The category based filter displayed in pane 130 is preferably set by checking one or more of the boxes appearing to the left of the list of categories. For example, FIG. 1 shows that a category named “Places” is checked. In a preferred embodiment of the present invention, pane 130 also enables categories to be assigned to individual images or groups of images. Specifically, if one or more image thumbnails 120 displayed in pane 110 are selected, then the selected images can be assigned one or more categories by clicking on boxes appearing to the right of the list of categories.

A pane for the folder based filter is accessed by clicking on tab 140. Preferably, as shown in FIG. 1B, the folder based filter enables a user to select one or more folders, by checking one or more boxes appearing to the left of the list of folders.

The date based filter displayed in pane 150 is preferably set by selecting one or more date ranges within a yearly calendar display or a monthly calendar display or a daily calendar display. The yearly, monthly and daily calendar displays are preferably alternated by clicking on buttons at the bottom of pane 150. Detailed description of calendar based filters is provided in applicant's co-pending application U.S. Ser. No. 10/645,260, now U.S. Pat. No. 7,398,479, filed on Aug. 20, 2003 and entitled “Method and System for Calendar Based Image Asset Organization”.

A list 160 of filters that have been set, including their parameters, is preferably displayed above pane 110. List 160 includes checkboxes for activating all or a subset of the filters. For example, FIG. 1 shows that (i) the folder based filter is set to filter images based on a folder named C:\Archive and is activated; (ii) the category based filter is set to filter images based on a category named “Places”, but is not activated; and (iii) the date based filter is set to filter images based on a date range Feb. 1, 2002-Feb. 28, 2002 and is activated. Thus the images whose thumbnails 120 are displayed in pane 110 are those images within folder C:\Archive that are dated in February 2002. The category based filter is not activated, and thus the filtered images have no category restriction.

Preferably, display of filtered images within pane 110 is performed interactively, and is updated whenever a filter setting or activation state is changed. Thus, referring to FIG. 1, if a user un-checks the check box for the folder based filter, then pane 110 is immediately updated to include thumbnails of images dated in February 2002, irrespective of which folder they reside in. Similarly, if the check box for the folder based filter remains checked and the user changes the filter settings to a different folder, than pane 110 is immediately updated to include thumbnails of images dated in February 2002 and residing in the different folder.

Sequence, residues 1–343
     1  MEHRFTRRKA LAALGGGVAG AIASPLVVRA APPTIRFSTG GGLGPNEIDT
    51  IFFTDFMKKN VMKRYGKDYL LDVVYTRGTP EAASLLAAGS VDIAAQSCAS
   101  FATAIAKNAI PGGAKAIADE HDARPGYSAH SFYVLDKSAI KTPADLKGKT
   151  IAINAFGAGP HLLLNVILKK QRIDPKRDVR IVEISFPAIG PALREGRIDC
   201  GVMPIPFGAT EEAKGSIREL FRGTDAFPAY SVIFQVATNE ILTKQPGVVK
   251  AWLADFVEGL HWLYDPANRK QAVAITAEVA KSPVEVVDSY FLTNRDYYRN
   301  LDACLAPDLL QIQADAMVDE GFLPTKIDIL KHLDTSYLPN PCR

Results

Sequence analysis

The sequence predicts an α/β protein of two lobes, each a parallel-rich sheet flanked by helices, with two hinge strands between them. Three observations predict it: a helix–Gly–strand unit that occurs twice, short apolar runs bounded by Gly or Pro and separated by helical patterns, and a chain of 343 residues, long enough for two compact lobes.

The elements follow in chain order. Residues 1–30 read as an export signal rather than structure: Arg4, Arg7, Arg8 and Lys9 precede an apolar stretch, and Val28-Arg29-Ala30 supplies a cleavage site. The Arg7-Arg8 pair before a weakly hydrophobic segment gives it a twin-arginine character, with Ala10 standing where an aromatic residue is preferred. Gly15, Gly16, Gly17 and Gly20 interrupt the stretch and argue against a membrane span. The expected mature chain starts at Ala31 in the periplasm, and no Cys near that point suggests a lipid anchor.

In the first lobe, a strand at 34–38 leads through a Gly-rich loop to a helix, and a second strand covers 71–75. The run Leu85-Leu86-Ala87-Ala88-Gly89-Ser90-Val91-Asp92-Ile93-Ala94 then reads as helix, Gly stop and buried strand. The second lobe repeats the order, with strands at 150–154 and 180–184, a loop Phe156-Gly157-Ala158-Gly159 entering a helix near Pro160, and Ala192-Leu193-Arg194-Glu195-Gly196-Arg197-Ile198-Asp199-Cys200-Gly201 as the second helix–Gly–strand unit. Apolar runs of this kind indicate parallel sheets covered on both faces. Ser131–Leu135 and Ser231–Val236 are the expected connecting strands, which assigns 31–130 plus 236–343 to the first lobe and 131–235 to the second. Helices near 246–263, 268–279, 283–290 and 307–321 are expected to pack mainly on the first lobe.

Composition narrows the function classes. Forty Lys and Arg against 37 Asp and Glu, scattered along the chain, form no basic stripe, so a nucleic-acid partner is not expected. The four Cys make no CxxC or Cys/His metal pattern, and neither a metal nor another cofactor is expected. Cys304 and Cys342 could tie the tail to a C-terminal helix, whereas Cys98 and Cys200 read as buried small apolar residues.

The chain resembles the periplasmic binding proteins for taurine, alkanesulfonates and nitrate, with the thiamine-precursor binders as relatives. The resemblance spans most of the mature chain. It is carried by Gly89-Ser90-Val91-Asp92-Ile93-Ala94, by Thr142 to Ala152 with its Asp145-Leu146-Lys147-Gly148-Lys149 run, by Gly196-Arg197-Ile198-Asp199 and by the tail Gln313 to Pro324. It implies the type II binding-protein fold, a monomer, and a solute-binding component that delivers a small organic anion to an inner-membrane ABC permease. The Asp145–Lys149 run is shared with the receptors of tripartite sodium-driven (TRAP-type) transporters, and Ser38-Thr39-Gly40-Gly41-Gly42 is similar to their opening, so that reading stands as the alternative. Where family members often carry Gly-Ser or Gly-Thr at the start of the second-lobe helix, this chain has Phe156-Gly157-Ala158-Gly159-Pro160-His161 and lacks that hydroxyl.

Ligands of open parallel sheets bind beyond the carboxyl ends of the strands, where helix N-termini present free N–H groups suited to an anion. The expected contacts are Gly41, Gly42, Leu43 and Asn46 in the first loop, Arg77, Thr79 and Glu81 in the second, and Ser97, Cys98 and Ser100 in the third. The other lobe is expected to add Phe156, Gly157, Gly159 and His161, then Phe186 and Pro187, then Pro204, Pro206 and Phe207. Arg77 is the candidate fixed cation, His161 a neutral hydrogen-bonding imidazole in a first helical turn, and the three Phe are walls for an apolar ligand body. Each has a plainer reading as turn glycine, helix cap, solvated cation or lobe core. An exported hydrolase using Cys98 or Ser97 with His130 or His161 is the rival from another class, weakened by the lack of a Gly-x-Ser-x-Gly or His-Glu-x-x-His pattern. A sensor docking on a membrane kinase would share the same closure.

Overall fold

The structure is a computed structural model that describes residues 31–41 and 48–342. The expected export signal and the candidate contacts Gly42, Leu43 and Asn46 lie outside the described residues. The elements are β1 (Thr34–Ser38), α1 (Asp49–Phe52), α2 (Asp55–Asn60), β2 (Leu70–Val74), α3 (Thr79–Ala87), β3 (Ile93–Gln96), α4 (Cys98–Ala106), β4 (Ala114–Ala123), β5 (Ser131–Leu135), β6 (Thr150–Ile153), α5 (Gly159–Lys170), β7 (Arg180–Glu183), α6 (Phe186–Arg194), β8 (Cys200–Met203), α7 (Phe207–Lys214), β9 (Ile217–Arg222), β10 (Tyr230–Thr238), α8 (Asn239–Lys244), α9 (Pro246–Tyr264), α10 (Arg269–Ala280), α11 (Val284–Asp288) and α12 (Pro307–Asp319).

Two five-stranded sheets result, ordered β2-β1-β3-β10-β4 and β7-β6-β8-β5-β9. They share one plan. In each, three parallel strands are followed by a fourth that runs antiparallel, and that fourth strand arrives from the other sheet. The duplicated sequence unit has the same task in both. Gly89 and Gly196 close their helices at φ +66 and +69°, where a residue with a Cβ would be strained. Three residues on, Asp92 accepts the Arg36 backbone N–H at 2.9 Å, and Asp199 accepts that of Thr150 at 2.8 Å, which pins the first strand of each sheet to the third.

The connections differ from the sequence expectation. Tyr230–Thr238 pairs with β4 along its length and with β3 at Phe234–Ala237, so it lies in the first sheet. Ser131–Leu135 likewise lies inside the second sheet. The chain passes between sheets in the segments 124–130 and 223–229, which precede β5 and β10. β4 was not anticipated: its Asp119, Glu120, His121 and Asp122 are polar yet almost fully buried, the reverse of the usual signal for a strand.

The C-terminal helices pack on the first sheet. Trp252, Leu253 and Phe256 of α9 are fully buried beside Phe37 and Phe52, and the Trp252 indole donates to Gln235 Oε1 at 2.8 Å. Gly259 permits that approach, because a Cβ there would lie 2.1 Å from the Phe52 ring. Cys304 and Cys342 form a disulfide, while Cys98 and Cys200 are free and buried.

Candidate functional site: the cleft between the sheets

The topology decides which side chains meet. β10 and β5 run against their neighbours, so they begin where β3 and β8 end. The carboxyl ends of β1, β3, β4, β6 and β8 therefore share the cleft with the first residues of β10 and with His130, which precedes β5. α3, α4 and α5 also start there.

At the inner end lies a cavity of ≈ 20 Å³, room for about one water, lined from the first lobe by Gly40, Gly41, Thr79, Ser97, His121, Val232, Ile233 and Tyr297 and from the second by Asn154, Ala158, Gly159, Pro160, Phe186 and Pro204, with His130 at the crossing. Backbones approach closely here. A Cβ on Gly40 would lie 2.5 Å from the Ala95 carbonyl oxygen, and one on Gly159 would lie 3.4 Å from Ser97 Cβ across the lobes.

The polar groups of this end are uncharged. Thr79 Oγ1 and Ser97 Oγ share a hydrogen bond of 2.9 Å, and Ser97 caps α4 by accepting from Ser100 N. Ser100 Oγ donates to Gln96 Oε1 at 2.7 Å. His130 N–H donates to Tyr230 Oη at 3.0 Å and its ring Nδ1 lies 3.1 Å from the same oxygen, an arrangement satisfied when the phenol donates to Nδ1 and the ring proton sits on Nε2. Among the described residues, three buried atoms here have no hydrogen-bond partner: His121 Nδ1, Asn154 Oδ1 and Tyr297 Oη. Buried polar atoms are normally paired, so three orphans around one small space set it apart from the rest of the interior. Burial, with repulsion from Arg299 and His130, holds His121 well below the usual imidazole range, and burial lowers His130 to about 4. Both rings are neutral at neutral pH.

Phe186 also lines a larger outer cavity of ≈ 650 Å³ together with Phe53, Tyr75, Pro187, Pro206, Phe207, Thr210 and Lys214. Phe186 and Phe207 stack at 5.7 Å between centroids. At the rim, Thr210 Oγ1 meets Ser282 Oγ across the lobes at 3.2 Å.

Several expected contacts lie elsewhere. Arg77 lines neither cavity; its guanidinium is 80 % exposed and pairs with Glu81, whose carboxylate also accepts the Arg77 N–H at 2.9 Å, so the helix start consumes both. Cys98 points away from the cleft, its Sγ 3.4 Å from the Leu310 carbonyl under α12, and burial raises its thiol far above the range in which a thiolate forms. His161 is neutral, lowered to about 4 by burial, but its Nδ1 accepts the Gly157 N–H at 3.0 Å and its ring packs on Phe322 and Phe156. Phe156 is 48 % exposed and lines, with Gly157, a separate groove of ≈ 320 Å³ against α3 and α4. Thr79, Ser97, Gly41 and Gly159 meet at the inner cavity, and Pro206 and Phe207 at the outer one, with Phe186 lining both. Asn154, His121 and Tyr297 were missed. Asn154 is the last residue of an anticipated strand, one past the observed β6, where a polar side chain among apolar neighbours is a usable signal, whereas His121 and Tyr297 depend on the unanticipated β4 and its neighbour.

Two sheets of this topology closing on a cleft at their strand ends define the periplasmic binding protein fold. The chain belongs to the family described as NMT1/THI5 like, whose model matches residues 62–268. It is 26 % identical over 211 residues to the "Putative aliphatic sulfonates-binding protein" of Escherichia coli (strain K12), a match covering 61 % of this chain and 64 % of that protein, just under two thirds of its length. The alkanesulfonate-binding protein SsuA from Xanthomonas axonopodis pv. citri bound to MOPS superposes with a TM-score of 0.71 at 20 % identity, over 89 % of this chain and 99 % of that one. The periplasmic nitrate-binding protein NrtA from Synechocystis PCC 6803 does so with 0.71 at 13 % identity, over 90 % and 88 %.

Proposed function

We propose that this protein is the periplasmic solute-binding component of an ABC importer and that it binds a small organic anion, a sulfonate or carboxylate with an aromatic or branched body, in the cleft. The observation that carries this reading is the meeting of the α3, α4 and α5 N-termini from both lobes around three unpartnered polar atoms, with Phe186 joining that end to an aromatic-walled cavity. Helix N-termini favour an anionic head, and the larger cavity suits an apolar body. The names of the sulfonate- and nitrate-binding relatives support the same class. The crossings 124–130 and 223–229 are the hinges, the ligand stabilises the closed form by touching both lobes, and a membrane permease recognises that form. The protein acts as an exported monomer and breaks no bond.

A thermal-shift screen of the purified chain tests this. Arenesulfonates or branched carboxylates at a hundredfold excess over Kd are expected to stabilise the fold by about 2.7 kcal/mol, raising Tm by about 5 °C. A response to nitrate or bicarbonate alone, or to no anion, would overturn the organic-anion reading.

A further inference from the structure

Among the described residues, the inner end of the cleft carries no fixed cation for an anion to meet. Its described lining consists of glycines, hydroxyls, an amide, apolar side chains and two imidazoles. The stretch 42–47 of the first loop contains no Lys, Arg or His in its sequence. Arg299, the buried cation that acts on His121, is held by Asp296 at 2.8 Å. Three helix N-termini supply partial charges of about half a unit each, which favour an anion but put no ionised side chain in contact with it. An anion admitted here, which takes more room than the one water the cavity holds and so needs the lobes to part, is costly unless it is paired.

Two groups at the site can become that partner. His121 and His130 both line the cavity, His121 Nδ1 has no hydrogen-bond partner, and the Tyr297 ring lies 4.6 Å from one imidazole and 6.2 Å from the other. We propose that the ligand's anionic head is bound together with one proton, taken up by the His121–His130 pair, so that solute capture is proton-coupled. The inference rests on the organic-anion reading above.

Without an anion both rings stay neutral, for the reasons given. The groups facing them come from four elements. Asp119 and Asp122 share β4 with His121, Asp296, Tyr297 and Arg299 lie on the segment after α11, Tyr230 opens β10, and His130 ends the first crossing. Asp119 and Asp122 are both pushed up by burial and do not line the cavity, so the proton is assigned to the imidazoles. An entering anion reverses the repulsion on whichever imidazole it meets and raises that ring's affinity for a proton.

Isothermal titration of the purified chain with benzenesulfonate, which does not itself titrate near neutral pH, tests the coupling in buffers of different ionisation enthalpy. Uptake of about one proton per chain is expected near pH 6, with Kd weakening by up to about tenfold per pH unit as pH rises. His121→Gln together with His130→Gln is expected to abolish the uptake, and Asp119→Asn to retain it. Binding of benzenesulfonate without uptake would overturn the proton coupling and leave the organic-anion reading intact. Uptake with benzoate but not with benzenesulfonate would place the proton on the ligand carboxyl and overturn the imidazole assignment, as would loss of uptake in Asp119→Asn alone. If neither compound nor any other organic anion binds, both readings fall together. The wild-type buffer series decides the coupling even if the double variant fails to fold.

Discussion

It may thus be appreciated that the user interface illustrated in FIG. 1 provides flexibility in setting and activating a plurality of filters, each filter having its own unique characteristics. By checking and un-checking the boxes in list 160, eight possible combinations of filters can be instantly activated.

It may also be appreciated that the user interface illustrated in FIG. 1 applies to a diversity of assets, including inter alia image files, video files, audio files, document files and even folders—which are also a type of asset.

Reference is now made to FIG. 2, which is an illustration of a user interface having more functionality than that of FIG. 1, in accordance with a preferred embodiment of the present invention. In the environment of FIG. 2, the concept of a filter is broadened to include a general set of metadata constraints. Thus a filter is analogous to a general database query. “Metadata” is a general term referring to auxiliary data that provides descriptive information associated with binary content data. Metadata includes inter alia file system descriptive data, such as file name, last modified date & time, and file folder location. Metadata also includes inter alia capture device descriptive data, such as camera or scanner model, camera or scanner settings, capture date & time, and capture location such as global positioning system (GPS) location data. Metadata also includes inter alia user assigned properties, such as key words, categories and owner name.

Shown in FIG. 2 is a pane 210 containing tabs 220, 230 and 240 for accessing corresponding filters. Preferably, tab 220 is used to access a folder based filter pane, as shown in FIG. 2. Tab 230 is used to access a category based filter pane (not shown), and tab 240 is used to access a calendar based filter pane (not shown). In the general setting of FIG. 2, categories are preferably organized hierarchically, a category containing zero or more sub-categories, analogous to the way folders are organized.

A filter pane 250 preferably includes a list of filters that have been set, with checkboxes for selectively activating all or a subset of the listed filters. A folder based filter is indicated by numeral 252, a category based filter is indicated by numeral 254, a date & time based filter is indicated by numeral 256, and a property constraint filter is indicated by numeral 258. Preferably, a property filter enables setting a Boolean logical expression of image asset property values. Preferably, each filter in the list is represented by a characteristic icon, as shown in FIG. 2.